The hard rockin’ life and ԁеаtһ of Stevie Ray Vaughn

Stevie Ray Vaughan always burned the candle at both ends. Then he started in on the middle.

A booze-and-coke habit wasn’t unusual among musicians. But the depth of Vaughan’s worried even Muddy Waters, a sly veteran still singing “Champagne and Reefer” in his 70s.

“Stevie could perhaps be the greatest guitar player that ever lived,” the older man noted. “But he won’t live to get 40 years old if he doesn’t leave that white powder alone.”

“Texas Flood: The Inside Story of Stevie Ray Vaughan” shows just how right, and wrong, Muddy Waters was.

The book, an oral history by Alan Paul and Andy Aledort, celebrates Vaughan’s virtuosity. It also details his addictions and the awful toll they took.

But while the story ends sadly, it also includes a surprising note of grace.

Vaughan was born in Dallas in 1954, to Martha and “Big Jim” Vaughan, and with his older brother Jimmie already waiting at home. Daddy was a drinker and a cruel disciplinarian.

By the time they were 7 and 10, Stevie Ray and Jimmie had their first guitars. They were immediately obsessed.

Brothers Jimmie and Stevie Ray Vaughan backstage at the Austin Opry House, 1984 (Photo Tracy Anne Hart)
Brothers Jimmie and Stevie Ray Vaughan backstage at the Austin Opry House, 1984 (Photo Tracy Anne Hart)

Within months, Jimmie was in a band. By the time he was 15, he was in a group, The Chessmen, with a record contract. He quickly dropped out, left home, and didn’t look back.

Stories circulated, though of how The Chessman opened for Hendrix. Jimmie met Janis Joplin, and she invited him to visit her in San Francisco. Naturally, he went.

Big Jim Vaughan warned his younger son not to turn out like his brother. Stevie Ray couldn’t think of anyone he would rather be. He kept practicing his guitar. When the strings tore up his fingertips, he fixed the wounds with Krazy Glue.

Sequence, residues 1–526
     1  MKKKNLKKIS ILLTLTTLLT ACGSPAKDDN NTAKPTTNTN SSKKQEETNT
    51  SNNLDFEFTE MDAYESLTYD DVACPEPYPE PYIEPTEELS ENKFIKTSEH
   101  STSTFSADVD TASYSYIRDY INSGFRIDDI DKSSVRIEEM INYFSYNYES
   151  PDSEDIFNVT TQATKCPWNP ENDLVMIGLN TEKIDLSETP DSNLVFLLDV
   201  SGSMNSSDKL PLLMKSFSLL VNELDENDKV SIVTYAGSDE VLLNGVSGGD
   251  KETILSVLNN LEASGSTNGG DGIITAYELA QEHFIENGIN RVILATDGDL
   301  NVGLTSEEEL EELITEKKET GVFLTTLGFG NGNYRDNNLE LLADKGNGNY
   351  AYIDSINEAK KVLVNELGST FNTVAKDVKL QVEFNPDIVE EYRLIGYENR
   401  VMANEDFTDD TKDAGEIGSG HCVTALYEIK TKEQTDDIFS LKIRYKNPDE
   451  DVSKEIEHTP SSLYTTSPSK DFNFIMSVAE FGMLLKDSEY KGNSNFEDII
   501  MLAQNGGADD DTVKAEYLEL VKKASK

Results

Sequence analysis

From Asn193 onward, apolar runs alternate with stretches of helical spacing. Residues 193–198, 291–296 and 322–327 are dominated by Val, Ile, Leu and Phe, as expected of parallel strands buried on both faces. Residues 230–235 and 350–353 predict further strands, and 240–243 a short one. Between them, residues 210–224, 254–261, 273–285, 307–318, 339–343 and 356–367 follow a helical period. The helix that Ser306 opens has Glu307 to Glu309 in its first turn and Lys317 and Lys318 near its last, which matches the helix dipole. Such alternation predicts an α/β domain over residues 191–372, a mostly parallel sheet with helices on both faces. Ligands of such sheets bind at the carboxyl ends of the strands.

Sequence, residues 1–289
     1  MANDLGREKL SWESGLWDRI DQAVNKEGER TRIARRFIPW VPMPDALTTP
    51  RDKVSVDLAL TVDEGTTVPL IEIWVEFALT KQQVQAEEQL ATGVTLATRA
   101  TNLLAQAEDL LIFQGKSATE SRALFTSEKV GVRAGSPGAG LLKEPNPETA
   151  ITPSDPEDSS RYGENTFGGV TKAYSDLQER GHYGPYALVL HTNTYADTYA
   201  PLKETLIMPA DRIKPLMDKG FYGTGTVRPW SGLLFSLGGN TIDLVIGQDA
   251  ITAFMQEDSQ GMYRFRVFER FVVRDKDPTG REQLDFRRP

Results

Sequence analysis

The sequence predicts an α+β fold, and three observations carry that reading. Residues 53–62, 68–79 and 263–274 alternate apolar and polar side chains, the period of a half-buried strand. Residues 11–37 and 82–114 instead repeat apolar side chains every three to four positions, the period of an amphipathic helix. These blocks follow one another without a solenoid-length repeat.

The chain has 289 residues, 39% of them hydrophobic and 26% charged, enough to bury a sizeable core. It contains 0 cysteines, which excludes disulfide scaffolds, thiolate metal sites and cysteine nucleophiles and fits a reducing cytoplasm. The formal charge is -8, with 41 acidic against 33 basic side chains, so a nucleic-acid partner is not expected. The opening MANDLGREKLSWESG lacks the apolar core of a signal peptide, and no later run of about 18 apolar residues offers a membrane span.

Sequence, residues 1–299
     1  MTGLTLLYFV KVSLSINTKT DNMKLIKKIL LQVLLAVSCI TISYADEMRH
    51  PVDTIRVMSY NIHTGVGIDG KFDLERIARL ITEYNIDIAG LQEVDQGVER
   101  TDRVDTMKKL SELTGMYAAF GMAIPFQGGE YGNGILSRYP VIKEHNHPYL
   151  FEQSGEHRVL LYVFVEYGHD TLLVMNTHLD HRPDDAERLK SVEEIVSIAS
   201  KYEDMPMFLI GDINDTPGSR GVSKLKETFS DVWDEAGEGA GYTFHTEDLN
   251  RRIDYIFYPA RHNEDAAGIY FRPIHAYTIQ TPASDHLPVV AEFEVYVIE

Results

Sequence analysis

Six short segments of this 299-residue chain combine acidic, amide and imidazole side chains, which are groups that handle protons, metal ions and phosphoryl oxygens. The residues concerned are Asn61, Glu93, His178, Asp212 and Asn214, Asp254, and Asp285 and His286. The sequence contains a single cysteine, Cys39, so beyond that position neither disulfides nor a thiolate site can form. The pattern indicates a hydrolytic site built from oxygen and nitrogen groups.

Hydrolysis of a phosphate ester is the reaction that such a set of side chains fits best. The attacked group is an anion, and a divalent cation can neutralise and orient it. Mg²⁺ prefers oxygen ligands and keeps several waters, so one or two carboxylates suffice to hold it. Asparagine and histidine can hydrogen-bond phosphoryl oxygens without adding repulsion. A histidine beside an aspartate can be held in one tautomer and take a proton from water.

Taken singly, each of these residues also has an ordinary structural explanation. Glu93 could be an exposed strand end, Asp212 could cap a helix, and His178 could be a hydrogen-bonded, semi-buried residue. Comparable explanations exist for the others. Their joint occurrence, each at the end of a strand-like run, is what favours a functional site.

Soon, he was on stage, too, although the bands kept changing. Brooklyn Underground, Cast of Thousands, and for a while, he was even in one called Epileptic Marshmallow.

Meanwhile, big brother Jimmie was already touring with his group, The Fabulous Thunderbirds.

By 1977, Stevie Ray settled on a lineup and a name he would stick with, Double Trouble. They were a big deal in Austin and landed regular gigs, but that was the only steady thing in Stevie Ray’s life.

He had no home and couch-surfed where he could. His drug use deepened and not surprisingly, he became erratic and undependable. One day, he impulsively married a moody new girlfriend, twisting a gum wrapper into a wedding ring.

“What’s your anniversary present going to be, a newspaper?” a friend cracked.

If it were, it was going to be all bad news. Stevie Ray’s new bride had her own drug problem and, as another buddy observed, “as many personalities as Heinz has varieties.” Technically the marriage lasted nine years but was doomed from the start.

As Stevie Ray’s life was falling apart, by the early ’80s, the band was starting to rise. They got a new manager who made things happen.

He secured a slot for them at New York’s Danceteria, where they auditioned for Mick Jagger’s new Rolling Stone Records. He also landed them two nights opening for the Clash.

Stevie Ray Vaughn, Mick Jagger, and Ron Wood at the Danceteria night club in New York City.
Stevie Ray Vaughn, Mick Jagger, and Ron Wood at the Danceteria night club in New York City. (Daily News/New York Daily News)

Jagger passed, though. “I like them, but everybody knows the blues doesn’t sell,” he said. The hard-core punk fans of the Clash booed Double Trouble so lustily, that the two bands agreed to cut the two nights to one.

Despite that, Double Trouble started taking off.